This idea of the personality in the remix is exactly what Noise Manifesto has taken on in their decon/recon series too, albeit exactly for the opposite effect. It is their intention to subvert the personality all together. By essentially putting a sample library together from a host of artists and letting those artists pick from that sample library to make it their own, their blurring the lines between composition and reception even further. No single track is accredited to a single artist in order to undermine the personality of the artist and although one can suggest the opening track with its emphasis on the saxophone is distinctly Planningtorock’s it cannot be stated as a fact. Therefore the remix is not so much a new version of the original, but rather something new altogether that might burrow from another composition, the way composers have borrowed melodies through the eons. It appears that in today’s terms the remix is not functional in terms of a new intended purpose it must fill, but rather an artistic expression in itself derived from the reception stages. It is an artist appreciating a piece of music and appropriating it as his/her own for the sake of admiration.The admiration can be in the form of highlighting the music for promotional purposes, and I have also noted – more so recently in fact – that this admiration could be applied to the DJ set. As more DJs seek to carve out an original and distinctive sound in their sets they are relying more and more on edits to accomplish it. They still want to play other artists’ music for the sake of admiration but they would like a consistent voice to run through the set. These DJ’s will make edits of the originals to throw into their sets, and will tie all the songs together. It can be something as simple as sticking to a preferred kick sound or something more complicated in the way of patten’s re-edit sets, but its function is always the same, to make the music in a set concurrent.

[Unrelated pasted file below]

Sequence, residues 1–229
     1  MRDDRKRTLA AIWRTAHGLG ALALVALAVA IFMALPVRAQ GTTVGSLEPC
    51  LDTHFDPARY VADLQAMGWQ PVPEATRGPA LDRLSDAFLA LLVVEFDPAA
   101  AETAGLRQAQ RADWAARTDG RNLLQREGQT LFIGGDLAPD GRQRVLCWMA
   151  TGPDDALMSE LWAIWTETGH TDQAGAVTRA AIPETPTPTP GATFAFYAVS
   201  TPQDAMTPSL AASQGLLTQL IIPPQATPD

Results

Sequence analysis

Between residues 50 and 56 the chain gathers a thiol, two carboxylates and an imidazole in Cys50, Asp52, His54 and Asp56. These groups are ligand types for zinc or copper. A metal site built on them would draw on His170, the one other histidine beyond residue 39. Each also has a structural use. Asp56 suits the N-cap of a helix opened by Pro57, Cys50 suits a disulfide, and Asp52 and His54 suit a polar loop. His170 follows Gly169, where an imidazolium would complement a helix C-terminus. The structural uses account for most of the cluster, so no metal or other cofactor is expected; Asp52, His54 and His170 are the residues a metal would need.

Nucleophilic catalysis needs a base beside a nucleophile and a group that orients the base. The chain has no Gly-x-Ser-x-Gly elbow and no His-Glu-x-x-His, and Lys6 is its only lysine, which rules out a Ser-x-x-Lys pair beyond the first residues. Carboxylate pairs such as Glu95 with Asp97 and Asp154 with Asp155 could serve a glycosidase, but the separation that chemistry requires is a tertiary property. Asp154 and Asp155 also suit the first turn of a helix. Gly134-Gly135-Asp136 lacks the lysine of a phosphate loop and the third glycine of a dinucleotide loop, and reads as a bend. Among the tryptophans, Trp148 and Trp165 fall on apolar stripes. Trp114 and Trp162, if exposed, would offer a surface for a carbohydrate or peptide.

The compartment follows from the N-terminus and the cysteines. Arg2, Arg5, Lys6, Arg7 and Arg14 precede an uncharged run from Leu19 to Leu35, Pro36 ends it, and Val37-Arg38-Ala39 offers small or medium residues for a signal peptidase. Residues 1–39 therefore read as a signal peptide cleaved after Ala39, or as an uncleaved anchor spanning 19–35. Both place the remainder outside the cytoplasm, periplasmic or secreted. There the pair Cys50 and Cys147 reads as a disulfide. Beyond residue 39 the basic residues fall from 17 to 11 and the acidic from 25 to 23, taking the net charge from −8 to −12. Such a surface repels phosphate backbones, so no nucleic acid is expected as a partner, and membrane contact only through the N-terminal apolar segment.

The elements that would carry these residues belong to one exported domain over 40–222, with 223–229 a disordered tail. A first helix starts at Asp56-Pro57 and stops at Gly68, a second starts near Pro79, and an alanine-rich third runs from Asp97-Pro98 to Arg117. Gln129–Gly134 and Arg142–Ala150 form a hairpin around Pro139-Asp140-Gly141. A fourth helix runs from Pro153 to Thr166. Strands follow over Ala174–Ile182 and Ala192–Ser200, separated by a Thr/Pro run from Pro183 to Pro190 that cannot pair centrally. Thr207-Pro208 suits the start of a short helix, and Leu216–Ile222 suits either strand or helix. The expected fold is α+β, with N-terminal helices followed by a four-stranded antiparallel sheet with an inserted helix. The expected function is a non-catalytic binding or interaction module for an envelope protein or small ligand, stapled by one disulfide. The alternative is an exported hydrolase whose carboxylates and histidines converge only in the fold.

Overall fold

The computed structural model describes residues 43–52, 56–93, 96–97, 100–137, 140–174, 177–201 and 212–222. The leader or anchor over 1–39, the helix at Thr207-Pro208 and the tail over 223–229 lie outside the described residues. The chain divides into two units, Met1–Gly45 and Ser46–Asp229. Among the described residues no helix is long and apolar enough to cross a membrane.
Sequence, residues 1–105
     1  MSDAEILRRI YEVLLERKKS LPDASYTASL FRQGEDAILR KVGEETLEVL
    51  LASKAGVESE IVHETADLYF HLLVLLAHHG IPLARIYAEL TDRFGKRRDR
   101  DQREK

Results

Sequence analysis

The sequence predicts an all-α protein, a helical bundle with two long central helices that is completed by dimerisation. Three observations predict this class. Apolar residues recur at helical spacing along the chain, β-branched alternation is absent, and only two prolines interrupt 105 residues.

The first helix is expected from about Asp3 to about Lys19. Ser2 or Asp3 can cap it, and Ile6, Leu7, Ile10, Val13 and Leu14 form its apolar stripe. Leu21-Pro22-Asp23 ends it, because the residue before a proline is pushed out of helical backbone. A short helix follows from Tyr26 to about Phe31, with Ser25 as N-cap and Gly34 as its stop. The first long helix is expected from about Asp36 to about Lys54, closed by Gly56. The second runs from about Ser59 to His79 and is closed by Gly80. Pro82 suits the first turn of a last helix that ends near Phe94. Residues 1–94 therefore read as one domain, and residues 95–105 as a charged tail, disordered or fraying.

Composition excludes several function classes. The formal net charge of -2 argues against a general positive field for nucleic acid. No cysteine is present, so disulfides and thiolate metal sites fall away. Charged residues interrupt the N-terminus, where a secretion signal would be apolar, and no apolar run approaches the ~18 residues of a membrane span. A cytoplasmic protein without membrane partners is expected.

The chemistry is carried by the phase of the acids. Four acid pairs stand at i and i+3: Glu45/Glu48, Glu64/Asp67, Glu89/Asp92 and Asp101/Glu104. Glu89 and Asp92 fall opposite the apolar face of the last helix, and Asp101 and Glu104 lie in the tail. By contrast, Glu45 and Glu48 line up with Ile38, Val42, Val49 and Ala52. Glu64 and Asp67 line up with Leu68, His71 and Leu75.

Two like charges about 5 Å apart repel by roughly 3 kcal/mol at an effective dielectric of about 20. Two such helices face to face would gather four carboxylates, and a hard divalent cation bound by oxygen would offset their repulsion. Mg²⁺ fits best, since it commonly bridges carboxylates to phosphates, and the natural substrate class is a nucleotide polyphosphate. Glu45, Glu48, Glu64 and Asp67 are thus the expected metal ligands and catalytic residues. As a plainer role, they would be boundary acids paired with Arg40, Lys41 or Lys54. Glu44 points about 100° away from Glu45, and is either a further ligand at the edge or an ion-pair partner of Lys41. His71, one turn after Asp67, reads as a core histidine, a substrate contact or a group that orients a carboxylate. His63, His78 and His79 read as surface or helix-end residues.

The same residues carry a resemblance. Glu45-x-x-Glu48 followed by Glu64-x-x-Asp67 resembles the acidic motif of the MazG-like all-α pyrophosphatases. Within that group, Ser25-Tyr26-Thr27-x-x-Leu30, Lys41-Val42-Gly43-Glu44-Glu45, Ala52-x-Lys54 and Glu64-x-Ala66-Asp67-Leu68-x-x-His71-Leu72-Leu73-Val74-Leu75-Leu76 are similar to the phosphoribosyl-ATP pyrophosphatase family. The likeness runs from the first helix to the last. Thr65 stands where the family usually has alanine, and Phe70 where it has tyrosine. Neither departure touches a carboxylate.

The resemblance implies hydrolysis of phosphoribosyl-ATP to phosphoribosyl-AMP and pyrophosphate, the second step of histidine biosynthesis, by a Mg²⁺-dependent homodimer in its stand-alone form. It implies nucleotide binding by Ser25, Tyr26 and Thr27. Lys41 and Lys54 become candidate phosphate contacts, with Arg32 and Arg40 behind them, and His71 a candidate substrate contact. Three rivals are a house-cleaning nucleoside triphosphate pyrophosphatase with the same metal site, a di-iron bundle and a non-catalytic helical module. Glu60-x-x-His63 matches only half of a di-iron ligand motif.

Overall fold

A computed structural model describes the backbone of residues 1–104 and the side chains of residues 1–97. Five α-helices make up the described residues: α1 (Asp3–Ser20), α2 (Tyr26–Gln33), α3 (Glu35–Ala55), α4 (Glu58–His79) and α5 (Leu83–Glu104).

It turns us back to the initial purpose of the remix or edit, but updated for a generation where electronic dance music is the norm and the need to extend a break is no longer necessary. The remix appears to have gone full circle, but passed into another dimension. The singular functional aspect of the remix has been surpassed, and has adopted many new functions in our age. Some of these functions are questionable, holding no artistic intent and never really offers an answer to why the remix is still such a staple of dance music. But for the most part, and particular in the case of Noise Manifesto’s recon/decon series, they have become a form of artistic expression that feeds off creative sources. The remix today has completely destroyed the barriers between reception and composition where the discrete parameters of those parts in music have become all in the same for a generation of artists.